A drug dealer was put on probation for 18 months this week for supplying cannabis.
Katie Ann Glover has admitted to selling about an ounce of the Class B drug to a friend for a month last year.
She pleaded guilty to being involved in the supply of cannabis and to possessing cannabis.
We previously reported that police executed a search warrant at Glover’s home address at Anagh Coar Road in Douglas on August 9.
She was at home at the time and told police there was cannabis in the house for her personal use. A quantity of 4.8 grams of drugs was found, valued by police at £114.
During an interview at police headquarters, Glover admitted possession of the drugs for personal use.
His cell phone was taken for analysis and conversations were found relating to his sale of cannabis.
She was questioned again and confirmed that no one else had access to her phone, but replied “no comment” when asked about the incriminating messages.
Defense attorney Ian Kermode presented a plea basis for his client, in which Glover said she believed she had sold no more than an ounce of cannabis in total, and only to a friend .
This was accepted by the prosecution as it was said that it was impossible to quantify the amount sold based on the messages.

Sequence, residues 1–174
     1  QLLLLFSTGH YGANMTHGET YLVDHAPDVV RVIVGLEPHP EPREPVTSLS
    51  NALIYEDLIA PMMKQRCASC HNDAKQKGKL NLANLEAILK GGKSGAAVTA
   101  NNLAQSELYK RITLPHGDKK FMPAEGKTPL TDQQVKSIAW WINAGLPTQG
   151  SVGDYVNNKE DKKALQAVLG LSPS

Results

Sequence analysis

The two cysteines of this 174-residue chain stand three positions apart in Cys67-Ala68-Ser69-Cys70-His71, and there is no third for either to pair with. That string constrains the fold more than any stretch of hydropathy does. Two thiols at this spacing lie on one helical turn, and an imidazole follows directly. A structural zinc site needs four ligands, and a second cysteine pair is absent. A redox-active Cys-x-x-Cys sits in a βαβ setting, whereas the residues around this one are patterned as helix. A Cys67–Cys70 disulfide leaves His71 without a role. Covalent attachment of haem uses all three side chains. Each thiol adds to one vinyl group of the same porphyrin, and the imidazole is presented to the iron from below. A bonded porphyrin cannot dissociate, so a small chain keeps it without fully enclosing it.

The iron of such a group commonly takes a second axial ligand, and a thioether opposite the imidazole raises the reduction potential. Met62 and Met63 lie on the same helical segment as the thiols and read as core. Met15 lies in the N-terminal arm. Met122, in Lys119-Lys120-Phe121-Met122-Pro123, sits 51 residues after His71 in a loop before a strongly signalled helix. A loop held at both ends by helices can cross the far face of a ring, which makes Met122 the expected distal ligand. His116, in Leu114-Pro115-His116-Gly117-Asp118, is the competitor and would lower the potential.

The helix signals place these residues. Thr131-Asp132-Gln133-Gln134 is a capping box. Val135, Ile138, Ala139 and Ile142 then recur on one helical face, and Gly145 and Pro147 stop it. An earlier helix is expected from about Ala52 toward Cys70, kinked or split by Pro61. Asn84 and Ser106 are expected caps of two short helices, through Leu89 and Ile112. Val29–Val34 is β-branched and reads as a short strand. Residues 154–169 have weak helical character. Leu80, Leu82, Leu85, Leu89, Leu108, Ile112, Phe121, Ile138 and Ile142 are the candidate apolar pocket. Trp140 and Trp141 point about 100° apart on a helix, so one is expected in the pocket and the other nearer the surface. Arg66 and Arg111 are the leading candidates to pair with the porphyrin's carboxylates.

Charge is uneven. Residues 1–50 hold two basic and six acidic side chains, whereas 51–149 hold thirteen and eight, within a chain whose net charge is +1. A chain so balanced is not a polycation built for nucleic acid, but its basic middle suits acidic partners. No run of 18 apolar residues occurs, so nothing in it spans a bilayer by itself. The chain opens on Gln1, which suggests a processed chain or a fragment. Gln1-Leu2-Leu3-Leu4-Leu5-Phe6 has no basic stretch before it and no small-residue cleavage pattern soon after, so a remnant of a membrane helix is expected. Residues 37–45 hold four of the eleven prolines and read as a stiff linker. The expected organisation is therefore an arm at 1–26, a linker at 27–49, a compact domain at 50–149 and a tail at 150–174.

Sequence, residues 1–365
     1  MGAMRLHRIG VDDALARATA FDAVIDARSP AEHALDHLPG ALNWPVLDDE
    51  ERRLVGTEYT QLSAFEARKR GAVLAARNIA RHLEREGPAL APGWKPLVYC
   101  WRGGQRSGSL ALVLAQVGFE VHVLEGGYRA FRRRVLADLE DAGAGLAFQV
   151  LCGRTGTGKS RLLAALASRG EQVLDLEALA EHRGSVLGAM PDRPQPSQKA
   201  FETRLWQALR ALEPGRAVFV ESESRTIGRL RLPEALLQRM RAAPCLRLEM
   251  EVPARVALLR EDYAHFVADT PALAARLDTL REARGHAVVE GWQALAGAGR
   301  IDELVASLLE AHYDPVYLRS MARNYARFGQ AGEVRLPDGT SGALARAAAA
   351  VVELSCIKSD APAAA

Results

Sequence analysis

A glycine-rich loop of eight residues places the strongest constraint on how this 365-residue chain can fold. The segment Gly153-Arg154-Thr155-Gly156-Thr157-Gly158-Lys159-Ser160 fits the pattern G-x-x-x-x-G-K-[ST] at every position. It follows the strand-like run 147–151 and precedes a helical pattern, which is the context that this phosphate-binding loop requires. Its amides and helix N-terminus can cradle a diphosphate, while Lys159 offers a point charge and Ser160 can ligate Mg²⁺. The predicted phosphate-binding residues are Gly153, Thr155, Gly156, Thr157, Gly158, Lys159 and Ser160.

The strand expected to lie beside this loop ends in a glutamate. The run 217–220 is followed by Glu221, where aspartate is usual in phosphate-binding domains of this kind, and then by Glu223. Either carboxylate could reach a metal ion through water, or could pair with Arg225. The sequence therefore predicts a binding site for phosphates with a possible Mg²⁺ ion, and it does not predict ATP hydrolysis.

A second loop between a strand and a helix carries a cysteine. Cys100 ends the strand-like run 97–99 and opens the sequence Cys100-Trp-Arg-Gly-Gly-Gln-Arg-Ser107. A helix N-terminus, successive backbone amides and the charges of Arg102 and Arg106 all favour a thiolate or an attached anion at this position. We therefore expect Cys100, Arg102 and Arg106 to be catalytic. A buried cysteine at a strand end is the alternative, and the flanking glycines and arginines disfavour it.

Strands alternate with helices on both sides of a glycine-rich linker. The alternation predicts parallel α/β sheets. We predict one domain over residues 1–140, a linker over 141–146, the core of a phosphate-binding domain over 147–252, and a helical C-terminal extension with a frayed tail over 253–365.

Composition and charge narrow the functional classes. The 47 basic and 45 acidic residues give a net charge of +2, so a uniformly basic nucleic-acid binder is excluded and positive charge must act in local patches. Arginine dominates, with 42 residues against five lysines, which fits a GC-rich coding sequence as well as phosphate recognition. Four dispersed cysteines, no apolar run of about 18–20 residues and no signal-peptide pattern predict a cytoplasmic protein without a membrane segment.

Mr. Kermode demanded that his client’s confession be recognized at the scene, pointing out that she had told the police that cannabis was in the house.
“The supply was for one person, a friend, so we are not dealing with multiple people,” the lawyer said.
“It was over a period between July and August 2021, so very little profit was made, a few hundred pounds at street price.”
Mr Kermode asked for credit to be given for Glover’s guilty pleas and said that although she had a number of previous convictions for possession offences, the last was four years ago.
A probation report said Glover sold the drugs to fund his own habit.
The report assessed his risk of recidivism and harm to others as a means and suggested a probation order as the most appropriate sentence.
Deputy High Bailiff Mr Brooks sentenced her to 18 months probation for each offence, to run concurrently.
She was ordered to pay prosecution costs at the rate of £5 a week deducted from benefits.